August 24, 2011
Painting the Black
Jerome Wasn't Built in a Day
When you break it down to the base level, Jerome Williams’ story isn’t unusual. “Former top prospect attempting to return to his peak” is a tried-and-true story that teeters from precocity to failure to redemptive triumph in heart-warming fashion. Maybe that’s why the first step in Williams’ return to a major-league rotation felt scripted and even a little predictable—as if the baseball gods conspired to have him face the less-than-full strength Orioles, whose six-through-nine slots went Andino-Pie-Tatum-Davis. Williams succeeded, of course, going seven innings, striking out six batters, walking none, and allowing just one run (that coming on a Matt Wieters homer).
Prior to that outing, Williams’ most recent major-league start had come in May 2007 with the Nationals. He faced the Braves, who batted Kelly Johnson, Willie Harris, Edgar Renteria, Andruw Jones one-through-four, then Jeff Francoeur, Scott Thorman, and Pete Orr six-through-eight, and left after two innings after allowing five runs. Micah Bowie, Winston Abreu, Ray King, and Chad Cordero appeared in relief for Williams on that day. If the date and those names don’t give you an indication of how long it’s been since Williams last started, consider that Derek Jeter had 2,204 hits, Jim Thome had 477 home runs, and Tim Wakefield had 155 wins.
In the four-plus years between major-league starts, Williams has pitched in the minors, in the indie leagues, and overseas in hopes of returning to the majors one day. The familiarity of Williams’ story makes it feel like maybe this could—maybe this will—happen. “This” being a permanent spot in some team’s rotation for as long as it takes until we forget that Williams just wasn’t around during a large chunk of his career. Some of the blame for this false sense of optimism falls at the feet of the Prospectus staff. Read Mike Fast’s PITCHf/x onslaught or Sam Miller’s post-game interview with the man of the hour, and try to avoid developing a sense of déjà vu. You can’t, because Williams’ story is the Voltron of rejuvenated pitcher stories. Here are the four branches, by my count:
Run through the checklist, and you get an improved changeup, a lower arm angle, higher velocity, and a new attack-first mentality. It’s a total makeover for the guy who had enough Greg Maddux comparisons thrown his way as a prospect to warrant a mention in his Baseball Prospectus 2005 player profile. The funny thing about that comparison is that it almost works if you restrict it to their first 78 appearances on a mainstream stat level:
The next Maddux he isn’t, but Williams has shown that the new him is an improvement over the old him during his time in Triple-A this season. On its face, a 3.91 earned run average is unimpressive, but Williams did manage a career-high strikeout-to-walk ratio of four. During the 11 seasons that Williams appeared in the minors, only once did he have a full season strikeout-to-walk ratio over three, and that came during his first exposure to professional baseball. Even in the parts of six major-league seasons he pitched in, he never recorded a strikeout-to-walk ratio better than two.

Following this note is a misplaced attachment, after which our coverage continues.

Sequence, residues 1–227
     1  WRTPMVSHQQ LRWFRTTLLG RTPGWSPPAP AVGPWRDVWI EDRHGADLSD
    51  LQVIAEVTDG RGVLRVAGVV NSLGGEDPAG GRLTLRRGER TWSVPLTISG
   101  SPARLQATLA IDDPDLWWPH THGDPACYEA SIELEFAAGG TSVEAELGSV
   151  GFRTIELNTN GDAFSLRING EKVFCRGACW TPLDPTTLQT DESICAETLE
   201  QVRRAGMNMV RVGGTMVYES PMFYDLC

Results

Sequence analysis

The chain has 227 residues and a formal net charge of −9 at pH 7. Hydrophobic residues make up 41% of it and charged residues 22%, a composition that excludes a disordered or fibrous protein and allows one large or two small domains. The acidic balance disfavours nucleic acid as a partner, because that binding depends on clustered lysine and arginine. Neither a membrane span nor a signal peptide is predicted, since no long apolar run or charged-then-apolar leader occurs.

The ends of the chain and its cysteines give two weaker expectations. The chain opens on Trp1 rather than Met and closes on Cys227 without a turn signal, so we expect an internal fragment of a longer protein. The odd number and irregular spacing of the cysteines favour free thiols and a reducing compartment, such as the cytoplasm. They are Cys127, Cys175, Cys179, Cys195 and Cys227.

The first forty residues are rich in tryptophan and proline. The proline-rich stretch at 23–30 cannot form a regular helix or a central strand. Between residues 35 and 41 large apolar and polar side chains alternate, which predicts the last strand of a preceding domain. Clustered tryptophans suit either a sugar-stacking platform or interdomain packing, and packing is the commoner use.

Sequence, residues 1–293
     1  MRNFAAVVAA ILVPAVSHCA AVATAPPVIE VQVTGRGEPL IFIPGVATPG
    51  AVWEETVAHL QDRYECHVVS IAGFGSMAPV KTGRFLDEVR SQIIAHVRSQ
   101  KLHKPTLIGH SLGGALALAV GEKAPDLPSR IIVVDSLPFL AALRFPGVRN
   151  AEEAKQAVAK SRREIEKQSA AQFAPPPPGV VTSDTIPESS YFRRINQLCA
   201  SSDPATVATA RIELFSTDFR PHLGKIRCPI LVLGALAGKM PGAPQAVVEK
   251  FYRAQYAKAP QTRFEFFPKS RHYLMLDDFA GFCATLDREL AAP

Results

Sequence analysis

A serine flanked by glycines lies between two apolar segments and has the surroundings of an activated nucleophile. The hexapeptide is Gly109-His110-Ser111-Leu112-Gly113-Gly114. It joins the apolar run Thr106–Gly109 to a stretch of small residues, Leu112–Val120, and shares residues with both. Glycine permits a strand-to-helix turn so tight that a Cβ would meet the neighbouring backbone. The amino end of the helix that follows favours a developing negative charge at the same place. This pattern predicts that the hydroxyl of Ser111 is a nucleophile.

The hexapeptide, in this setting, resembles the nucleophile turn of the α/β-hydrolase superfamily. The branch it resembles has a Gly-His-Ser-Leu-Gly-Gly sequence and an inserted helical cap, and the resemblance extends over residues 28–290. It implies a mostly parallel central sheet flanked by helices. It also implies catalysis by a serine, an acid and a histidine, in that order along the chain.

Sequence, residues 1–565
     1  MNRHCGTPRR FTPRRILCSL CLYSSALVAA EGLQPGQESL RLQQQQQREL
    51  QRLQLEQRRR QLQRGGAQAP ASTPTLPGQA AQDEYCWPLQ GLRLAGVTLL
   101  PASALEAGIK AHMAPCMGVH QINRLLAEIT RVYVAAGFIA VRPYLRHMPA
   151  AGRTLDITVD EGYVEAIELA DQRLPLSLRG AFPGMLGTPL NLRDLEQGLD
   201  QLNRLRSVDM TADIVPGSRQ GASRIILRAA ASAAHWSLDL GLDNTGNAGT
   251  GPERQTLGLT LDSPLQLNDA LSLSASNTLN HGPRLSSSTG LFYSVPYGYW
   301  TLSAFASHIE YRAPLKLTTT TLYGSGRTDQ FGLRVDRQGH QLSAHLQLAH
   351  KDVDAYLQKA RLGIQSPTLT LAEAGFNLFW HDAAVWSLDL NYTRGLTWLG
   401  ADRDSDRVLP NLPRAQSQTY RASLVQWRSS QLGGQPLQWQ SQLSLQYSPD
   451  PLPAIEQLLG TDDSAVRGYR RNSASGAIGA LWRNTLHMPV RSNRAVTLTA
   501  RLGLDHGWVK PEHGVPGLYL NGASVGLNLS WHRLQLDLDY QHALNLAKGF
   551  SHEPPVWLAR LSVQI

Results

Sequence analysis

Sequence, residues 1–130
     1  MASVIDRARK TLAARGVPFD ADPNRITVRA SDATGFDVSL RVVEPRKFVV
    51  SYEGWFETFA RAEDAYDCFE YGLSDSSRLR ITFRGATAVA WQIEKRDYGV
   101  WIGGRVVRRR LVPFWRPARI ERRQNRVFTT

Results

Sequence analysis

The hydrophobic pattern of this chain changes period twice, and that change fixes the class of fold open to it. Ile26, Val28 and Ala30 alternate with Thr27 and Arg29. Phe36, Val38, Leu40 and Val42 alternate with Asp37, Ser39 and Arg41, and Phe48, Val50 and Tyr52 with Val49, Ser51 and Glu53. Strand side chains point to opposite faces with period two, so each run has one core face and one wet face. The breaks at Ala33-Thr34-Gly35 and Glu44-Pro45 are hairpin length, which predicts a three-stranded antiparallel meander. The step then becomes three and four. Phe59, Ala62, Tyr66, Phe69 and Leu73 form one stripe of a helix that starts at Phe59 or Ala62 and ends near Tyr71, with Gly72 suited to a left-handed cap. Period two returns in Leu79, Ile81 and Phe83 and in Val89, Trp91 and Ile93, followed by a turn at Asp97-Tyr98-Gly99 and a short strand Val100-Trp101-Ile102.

That factoid may sound unimpressive for a number of reasons—for one thing, there should be a healthy coat of skepticism applied to any 29-year-old pitcher’s performance in Triple-A—but consider that Williams’ helium once lifted him to the 19th position on Baseball America’s 2002 prospect list. It isn’t totally outlandish to suggest that Williams is pitching better now than he did back then, and if his stuff truly is better, then maybe he can retroactively make good on that ranking—a tall order, sure, but not an implausibility.
Back in those days, Williams trailed only Josh Beckett, Mark Prior, Juan Cruz, Ryan Anderson, Dennis Tankersley, and Nick Neugebauer on the list among pitchers. Williams ranked ahead of Jake Peavy, Gavin Floyd, Erik Bedard, Carlos Zambrano, Adam Wainwright, Rafael Soriano, and a few others that have had more celebrated major-league careers. Arguing over whether Williams was deserving of his placement back then is futile, but using the wonders of modern analysis, Williams’ major-league accomplishments can be stacked up against the rest of his erstwhile peers to see how well, or poorly, the list has aged.
Some of those pitchers are older and thus stand to have more major-league experience, so comparing counting stats isn’t the most accurate portrayal of their performance, but it works in place of a rate stat when equal opportunity isn’t on the menu. With that in mind, here are the pitchers from the list and their career Wins Above Replacement Player values to date:
Williams, who ranked seventh amongst pitchers on the original list, has the 22nd-best WARP score now. That ranking looks modest when compared only to those 39 pitchers who reached the majors and better when compared to all of the 46 pitchers who made the list. Worth noting is that Williams actually has a higher WARP score than some active positional players (namely Casey Kotchman and Wily Mo Pena), so while he is mostly a bust as a prospect, he did some good in the majors before fizzling out the first time.
And who knows, maybe Williams will do some more good. It wouldn’t even be the most unusual comeback story from that 2002 prospect list: Colby Lewis returned to the majors last season with 1.1 WARP to his name and has compiled 5.2 wins over his last 57 starts.